5 Surprising Places to Find Fantastic Whiskey

By Jonah Flicker |

© High West

When most people think about whiskey, the usual suspects come to mind: Kentucky, Scotland, Ireland, and maybe Canada. But as the popularity of the brown stuff has exploded, new distilleries and non-distilling producers have sprung up across the world, some in places not traditionally known for their whiskey. Some of these distilleries closely follow tradition, while others put their own spin on the long and rich history of brown spirits. Here is some of the best whiskey (or “whisky,” outside of the U.S. and Ireland) to be distilled in unexpected places around the globe.

Nomad Outland Whisky – Spain

The Spanish-Scottish whisky connection is nothing new, as many single malts are matured in Spanish ex-sherry casks imported into Scotland. The twist here is that Nomad Outland, a blend of 30 different five to eight-year-old Scottish malt and grain whiskies from the Speyside region, is shipped to Spain where it’s aged for an additional year in Pedro Ximenez sherry casks in the Gonzalez Byass cellar. The result is a beautiful, golden brown and heavily sherry-touched scotch with no trace of smoke, a well-rounded and easy sipping whisky.

Related: The Best American Made Vodkas You've Never Heard of

Bain’s Cape Mountain Whisky – South Africa

This whisky from Wellington, South Africa has only been available in the United States for a few months now, and it’s a welcome addition to the family. Bain’s is made from 100 percent South African yellow maize (corn, to us Yanks), giving it a sweet palate that falls somewhere closer to Irish whiskey than American bourbon. It’s aged in first-fill bourbon casks for up to three years, then transferred to new first-fill casks for another 18 to 30 months, allowing a fresh batch of flavor and color to infuse the whisky.

High West Distillery – Utah

Utah was a dry state for a long, long time. From 1870 to 2007, there were no operating distilleries within its borders, until Park City’s High West came along. High West is a non-distilling producer, which means it sources its aged whiskey as opposed to distilling it. It is currently distilling rye and malt-based whiskey on the premises, however, some of which is available as un-aged white whiskey, and some of which is currently sitting in barrels. As far as blending and selecting whiskey, High West is an expert. The distillery’s many ryes should not be missed, including the brand-new Yippee Ki-Yay, which is the Double Rye expression finished in various wine casks. Try this one in a Manhattan; it pairs very well with sweet vermouth.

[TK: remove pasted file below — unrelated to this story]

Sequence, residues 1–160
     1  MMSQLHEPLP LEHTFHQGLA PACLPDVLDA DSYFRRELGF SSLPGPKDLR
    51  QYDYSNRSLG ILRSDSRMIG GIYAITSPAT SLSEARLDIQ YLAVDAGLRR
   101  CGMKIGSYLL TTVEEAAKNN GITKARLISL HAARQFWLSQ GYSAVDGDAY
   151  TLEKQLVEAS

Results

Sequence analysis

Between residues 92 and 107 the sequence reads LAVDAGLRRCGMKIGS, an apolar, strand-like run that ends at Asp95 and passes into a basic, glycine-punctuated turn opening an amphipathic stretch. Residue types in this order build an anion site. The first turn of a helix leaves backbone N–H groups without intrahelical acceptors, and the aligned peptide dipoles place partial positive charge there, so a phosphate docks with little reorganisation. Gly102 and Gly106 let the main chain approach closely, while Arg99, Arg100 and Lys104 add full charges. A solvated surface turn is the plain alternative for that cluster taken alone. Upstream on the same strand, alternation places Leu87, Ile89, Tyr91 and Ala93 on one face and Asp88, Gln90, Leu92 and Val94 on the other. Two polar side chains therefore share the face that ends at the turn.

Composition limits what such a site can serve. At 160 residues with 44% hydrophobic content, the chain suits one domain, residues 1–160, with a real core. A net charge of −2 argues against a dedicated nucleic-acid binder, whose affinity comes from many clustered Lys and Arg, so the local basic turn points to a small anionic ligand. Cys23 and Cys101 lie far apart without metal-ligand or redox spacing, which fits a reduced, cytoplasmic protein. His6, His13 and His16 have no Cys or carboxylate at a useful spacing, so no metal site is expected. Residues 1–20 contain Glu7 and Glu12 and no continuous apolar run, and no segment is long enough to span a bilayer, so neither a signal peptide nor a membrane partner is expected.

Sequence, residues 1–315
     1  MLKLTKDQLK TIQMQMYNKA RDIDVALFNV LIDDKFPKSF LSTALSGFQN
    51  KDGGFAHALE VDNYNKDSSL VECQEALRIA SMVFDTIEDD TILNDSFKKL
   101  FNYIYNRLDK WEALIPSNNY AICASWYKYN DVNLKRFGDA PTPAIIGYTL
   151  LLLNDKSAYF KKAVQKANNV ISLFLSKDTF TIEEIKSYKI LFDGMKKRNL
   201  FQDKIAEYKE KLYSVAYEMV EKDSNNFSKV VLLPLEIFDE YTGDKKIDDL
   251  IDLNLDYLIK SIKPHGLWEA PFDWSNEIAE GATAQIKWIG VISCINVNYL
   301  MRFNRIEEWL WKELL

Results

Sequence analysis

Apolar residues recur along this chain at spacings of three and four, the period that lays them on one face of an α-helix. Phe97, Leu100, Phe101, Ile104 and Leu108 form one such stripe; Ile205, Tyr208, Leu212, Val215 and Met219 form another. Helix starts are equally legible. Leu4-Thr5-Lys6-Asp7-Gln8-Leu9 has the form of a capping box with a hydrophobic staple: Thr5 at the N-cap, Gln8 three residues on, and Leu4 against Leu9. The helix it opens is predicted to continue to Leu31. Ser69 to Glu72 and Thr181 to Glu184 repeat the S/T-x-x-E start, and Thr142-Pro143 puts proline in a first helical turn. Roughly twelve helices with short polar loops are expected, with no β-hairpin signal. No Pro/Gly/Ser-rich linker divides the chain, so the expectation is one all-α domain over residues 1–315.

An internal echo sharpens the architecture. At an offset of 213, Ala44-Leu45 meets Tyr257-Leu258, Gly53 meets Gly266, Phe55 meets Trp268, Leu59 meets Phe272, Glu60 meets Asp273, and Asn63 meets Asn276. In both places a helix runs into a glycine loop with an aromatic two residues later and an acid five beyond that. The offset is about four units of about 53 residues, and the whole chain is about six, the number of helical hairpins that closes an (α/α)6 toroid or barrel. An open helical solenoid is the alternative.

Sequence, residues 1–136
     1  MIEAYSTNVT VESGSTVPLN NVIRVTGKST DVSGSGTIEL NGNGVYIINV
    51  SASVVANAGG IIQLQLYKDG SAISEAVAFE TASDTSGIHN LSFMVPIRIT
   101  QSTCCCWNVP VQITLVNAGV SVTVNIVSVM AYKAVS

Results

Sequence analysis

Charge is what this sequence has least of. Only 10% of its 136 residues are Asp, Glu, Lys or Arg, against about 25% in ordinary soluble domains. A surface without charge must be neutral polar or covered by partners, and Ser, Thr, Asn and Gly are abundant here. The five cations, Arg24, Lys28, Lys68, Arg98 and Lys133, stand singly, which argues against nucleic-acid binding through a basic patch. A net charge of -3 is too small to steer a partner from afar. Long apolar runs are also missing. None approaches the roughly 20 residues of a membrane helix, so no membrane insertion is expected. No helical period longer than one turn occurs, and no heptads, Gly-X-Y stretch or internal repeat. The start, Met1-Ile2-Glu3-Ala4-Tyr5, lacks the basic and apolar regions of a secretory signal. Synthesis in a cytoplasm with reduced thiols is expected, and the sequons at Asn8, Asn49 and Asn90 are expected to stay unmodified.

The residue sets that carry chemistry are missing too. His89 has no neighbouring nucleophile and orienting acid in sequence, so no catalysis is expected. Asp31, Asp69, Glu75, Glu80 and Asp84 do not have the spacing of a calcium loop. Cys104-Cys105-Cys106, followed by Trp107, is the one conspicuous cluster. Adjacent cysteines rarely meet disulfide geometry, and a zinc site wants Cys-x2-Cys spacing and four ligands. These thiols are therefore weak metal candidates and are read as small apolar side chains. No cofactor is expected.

Floki Whisky – Iceland

Iceland is better known for Northern Lights, Bjork, and a bracing herbal liqueur called Brennivin than it is for whiskey, but the Eimverk Distillery has set out to change that. Floki is a “young malt” made from 100 percent organic Icelandic barley grown above the Arctic Circle, aged for 12 to 18 months. For Americans, it’s not easy to get – outside of a few European markets or the state-run Icelandic liquor stores, your best chance is to visit the duty free shop at the Keflavik Airport outside of Reykjavik. The distillery plans to release an older version of the whisky, Floki Single Malt, by 2017 – it’s currently aging in second fill oak casks. Also coming later this year is a smoky version of the Floki Young Malt that gets its flavor by burning sheep dung instead of peat.

Related: 3 Great Bourbons That Don't Come from Kentucky

Sullivan’s Cove Whisky - Tasmania

Tasmania was an unexpected choice for whiskey production just because, well… when’s the last time you even thought about Tasmania? But start thinking long and hard, because this isolated island, located off of Australia’s south coast, has had distilleries in operation as far back as the early 1800s. Like so many other places where drinking was demonized, Tasmania suffered through its own prohibition for a century and a half. Sullivan’s Cove opened its doors in 1994, and has churned out many award-winning single malts. Today, you can find American Oak, Double Cask, and French Oak expressions, some of which, like the American Oak Cask HH0047, are almost completely gone – not even the angels will be left a share.